“The national border with Georgia on the Enguri River will be reinforced,” RIA Novosti quoted Khajimba as saying in reference to what most of the rest of the world sees as an administrative boundary line between Abkhazia and the Tbilisi-controlled region of Samegrelo.
“There should be only one checkpoint for reasons of national security,” Khajimba told an assembly of his party, the Forum of People’s Unity of Abkhazia.
For now, there are five crossing-points – four pedestrian and one vehicular – operating across the Russian-policed administrative boundary between breakaway Abkhazia and Samegrelo.
Residents of Abkhazia’s ethnic Georgian-dominated Gali region regularly use these so-called official crossings to travel into Samegrelo, the best local place for shopping, and where most have family or friends.
“Russian border guards often turn a blind eye if we show them an Abkhaz or Soviet passport or residency documents provided by the local administration and they let us herd livestock to pastures on the Georgian-controlled side,” one Gali resident told Ekho Kavkaza.
The third time proved the charm for 56-year-old Raul Khajimba on August 24, when the ex-KGB-officer-turned-separatist-official-turned-separatist-politician was duly declared the de-facto elected president of breakaway Abkhazia.
With a claimed turnout of 70 percent of roughly 142,656 de-facto registered voters, Khajimba took just over 50 percent of the vote, followed from afar by former State Security Committee boss Aslan Bzhaniya with 35.91 percent, according to preliminary data.
Defeated in 2009 and forced to take a controversial power-sharing deal in 2004, the Moscow-friendly Khajimba has been around the block a few times in his bids for elected office.
The latest bit of drama came earlier this summer when protesters, alleging widespread abuse of power and economic mismanagement, prompted Alexander Ankvab to resign as the region’s de-facto president. Yesterday's vote was to find a successor.
At an August-25 press conference in the Abkhaz capital, Sokhumi, Khajimba pledged “a reform of the system, unification of the people, and. . .to build the state” without creating divisions between “aliens” and “our own people.” (The remark is not thought to be an appeal to Abkhazia’s ethnic Georgians, whose Georgian passports lead many Abkhaz, including Khajimba, to worry about Tbilisi's influence.) He also vowed that freedom of speech would prosper in Abkhazia.
Details were non-existent, but, then, the remarks came from a candidate who had not been able to draw up a campaign platform.
As the breakaway territory of Abkhazia lurches toward a de-facto presidential vote this Sunday, one key question hangs over the outcome — will this Black-Sea region take the plunge and move for still closer ties with Russia?
Whether via annexation or other means, merger with Russia is proving the separatist theme of the year in post-Soviet parts. South Ossetia, Abkhazia’s separatist sibling, also claimed by Georgia, already has expressed a longing for such a deal.
The Abkhaz say they don’t want to go that far, but candidate Raul Khajimba, the presumed frontrunner, has pledged that, if elected, he’d be willing to get rid of the de-facto border between Abkhazia and its protector, Russia.
“Open borders will allow us to resolve many questions in calmer conditions,” he told Russia’s Gazeta.ru on August 20. There’s “[n]othing dangerous” about this for either side, he continued.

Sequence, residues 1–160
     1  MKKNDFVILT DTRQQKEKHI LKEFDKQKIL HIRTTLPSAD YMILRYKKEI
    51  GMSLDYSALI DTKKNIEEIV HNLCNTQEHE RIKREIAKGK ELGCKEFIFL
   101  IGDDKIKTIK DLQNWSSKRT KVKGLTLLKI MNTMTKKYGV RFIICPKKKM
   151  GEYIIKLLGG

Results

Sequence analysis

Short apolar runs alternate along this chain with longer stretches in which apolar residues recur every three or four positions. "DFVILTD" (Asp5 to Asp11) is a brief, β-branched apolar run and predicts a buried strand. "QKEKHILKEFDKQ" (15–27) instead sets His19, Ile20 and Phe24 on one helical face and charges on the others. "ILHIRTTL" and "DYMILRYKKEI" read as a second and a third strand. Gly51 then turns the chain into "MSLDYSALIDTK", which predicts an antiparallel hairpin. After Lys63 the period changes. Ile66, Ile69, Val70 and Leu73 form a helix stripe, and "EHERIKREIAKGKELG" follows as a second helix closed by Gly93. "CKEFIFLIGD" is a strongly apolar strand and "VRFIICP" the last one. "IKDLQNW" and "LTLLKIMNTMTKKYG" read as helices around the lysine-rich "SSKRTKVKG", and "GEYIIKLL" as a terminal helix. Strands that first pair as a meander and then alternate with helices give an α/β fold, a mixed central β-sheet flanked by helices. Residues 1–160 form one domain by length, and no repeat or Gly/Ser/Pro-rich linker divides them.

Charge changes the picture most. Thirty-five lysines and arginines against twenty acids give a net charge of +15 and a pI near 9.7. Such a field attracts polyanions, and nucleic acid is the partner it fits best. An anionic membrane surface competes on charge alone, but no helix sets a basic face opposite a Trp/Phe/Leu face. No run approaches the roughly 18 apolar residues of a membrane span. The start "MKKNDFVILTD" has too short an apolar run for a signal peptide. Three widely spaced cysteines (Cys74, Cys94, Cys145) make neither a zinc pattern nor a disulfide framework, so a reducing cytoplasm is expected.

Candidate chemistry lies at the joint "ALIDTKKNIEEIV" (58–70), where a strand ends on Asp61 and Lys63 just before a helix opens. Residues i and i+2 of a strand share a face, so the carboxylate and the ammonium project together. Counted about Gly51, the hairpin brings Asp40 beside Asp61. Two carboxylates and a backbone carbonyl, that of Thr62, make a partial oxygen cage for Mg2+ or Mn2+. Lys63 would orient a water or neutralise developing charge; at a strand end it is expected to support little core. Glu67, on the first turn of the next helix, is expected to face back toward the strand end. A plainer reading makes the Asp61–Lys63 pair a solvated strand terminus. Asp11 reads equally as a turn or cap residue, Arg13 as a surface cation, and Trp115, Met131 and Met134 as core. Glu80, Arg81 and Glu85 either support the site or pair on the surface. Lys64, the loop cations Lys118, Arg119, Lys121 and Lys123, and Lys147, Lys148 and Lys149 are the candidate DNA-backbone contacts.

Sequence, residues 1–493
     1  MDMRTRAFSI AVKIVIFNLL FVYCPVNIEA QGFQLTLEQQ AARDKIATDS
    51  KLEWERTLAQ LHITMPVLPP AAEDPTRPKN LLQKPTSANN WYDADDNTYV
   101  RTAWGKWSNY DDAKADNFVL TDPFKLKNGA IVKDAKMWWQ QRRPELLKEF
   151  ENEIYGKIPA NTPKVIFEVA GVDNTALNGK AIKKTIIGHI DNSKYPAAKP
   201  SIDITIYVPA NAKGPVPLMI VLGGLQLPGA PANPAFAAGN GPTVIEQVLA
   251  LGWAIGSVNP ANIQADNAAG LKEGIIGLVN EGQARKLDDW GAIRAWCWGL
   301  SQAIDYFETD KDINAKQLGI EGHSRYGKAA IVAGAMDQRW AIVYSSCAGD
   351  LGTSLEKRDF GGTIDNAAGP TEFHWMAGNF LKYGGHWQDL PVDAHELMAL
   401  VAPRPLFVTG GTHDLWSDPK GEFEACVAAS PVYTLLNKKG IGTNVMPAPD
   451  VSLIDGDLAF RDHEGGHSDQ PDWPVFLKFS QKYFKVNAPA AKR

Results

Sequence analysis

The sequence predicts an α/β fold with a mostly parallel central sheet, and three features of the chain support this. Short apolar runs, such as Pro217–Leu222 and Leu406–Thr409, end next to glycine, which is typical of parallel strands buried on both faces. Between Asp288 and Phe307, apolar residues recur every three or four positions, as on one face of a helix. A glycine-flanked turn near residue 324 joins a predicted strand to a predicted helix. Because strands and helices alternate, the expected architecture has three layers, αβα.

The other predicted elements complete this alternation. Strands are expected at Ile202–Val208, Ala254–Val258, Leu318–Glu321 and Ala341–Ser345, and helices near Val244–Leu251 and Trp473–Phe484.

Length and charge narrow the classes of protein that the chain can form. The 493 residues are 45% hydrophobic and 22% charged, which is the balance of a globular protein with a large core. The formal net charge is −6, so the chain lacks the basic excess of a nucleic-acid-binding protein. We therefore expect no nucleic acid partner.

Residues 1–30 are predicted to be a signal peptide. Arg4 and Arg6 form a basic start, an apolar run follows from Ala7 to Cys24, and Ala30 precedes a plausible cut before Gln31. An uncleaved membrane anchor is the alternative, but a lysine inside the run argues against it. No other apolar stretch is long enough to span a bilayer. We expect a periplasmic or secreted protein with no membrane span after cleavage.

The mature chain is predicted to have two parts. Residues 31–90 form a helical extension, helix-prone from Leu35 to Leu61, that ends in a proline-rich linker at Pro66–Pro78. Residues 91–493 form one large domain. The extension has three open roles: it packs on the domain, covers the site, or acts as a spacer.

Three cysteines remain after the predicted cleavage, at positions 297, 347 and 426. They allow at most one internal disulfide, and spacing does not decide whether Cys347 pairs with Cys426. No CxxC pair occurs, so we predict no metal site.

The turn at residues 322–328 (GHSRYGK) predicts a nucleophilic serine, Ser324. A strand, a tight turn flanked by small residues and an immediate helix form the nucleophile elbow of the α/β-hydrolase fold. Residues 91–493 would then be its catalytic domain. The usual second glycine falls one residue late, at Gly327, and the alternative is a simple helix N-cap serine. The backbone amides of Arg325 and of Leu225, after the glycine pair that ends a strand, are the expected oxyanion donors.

But just don’t call such plans an “association” agreement, Khadjimba emphasized to Russia's state-run RIA Novosti. After all, that’s what Abkhaz-public-enemy-number-one, Tbilisi, has going with the European Union.
Instead, “[w]e’re talking about integration processes with Russia,” he said.
Such “processes” would include “the realization of security for our tiny Abkhazia, the creation of conditions for strengthening border cooperation, questions about social-economic cooperation . . . “ Khajimba continued.
If that sounds like a merger, think again, the onetime KGB hand advised. "Abkhazia cannot become any part of Russia," he told Gazeta.ru.
Make space on the bookshelves and coffee tables. The world’s first Abkhaz-Ossetian dictionary is almost here. The South Caucasus’ two tiny, breakaway regions of Abkhazia and South Ossetia, may already share the languages of Russian and separatism from Georgia, but that is not enough. In an expression of brotherhood, they have decided to translate each other’s rare, mountain languages.
Featuring some 4,000 words, the dictionary is a product of blood, sweat and tears by linguists from the two regions, South Ossetia’s breakaway authorities were excited to report earlier this week. “This is going to be the first Ossetian-Abkhaz dictionary in history,” proudly proclaimed Robert Gagloyev, the director of the Vaneyev Research Institute in South Ossetia’s main town, Tskhinvali.
The dictionary will go to print this year with 200 copies, of which half will be given to Abkhazia as a gift and the rest will be donated to schools, libraries and a university in South Ossetia.
The two languages share with each other, and with Georgian, a propensity toward guttural sounds, agglutination and disregard for vowels. Unlike Georgian, the Abkhaz and Ossetian languages both make use of the Cyrillic alphabet.
They may be a small group, but they are tough mountain men, seasoned in war and guerrilla-living. They are part of the Vostok (The East) battalion and, according to testimonies by local insurgents, they are making all the difference in the rebellion against the central authorities in Kyiv. They are, of course, the South Ossetians.
Their tiny South-Caucasus region has yet to convince the world — bar Russia and a handful of other countries — to accept its independence from Georgia, but South Ossetia itself is not shy about recognizing the legitimacy of fellow separatists in need. It was the first and only place to recognize Ukraine’s twin breakaway, self-declared republics of Donetsk and Luhansk as independent states, and is expecting credentialed ambassadors to show up in South Ossetia’s main city, Tskhnivali, any day now.
But the separatist camaraderie has gone beyond just recognition. South Ossetia is now busy sending money, clothing and fighters to eastern Ukraine, Russian media report. And this last despite the widespread international belief that the amateur rebel warfare there caused the July 17 Malaysian Airlines tragedy.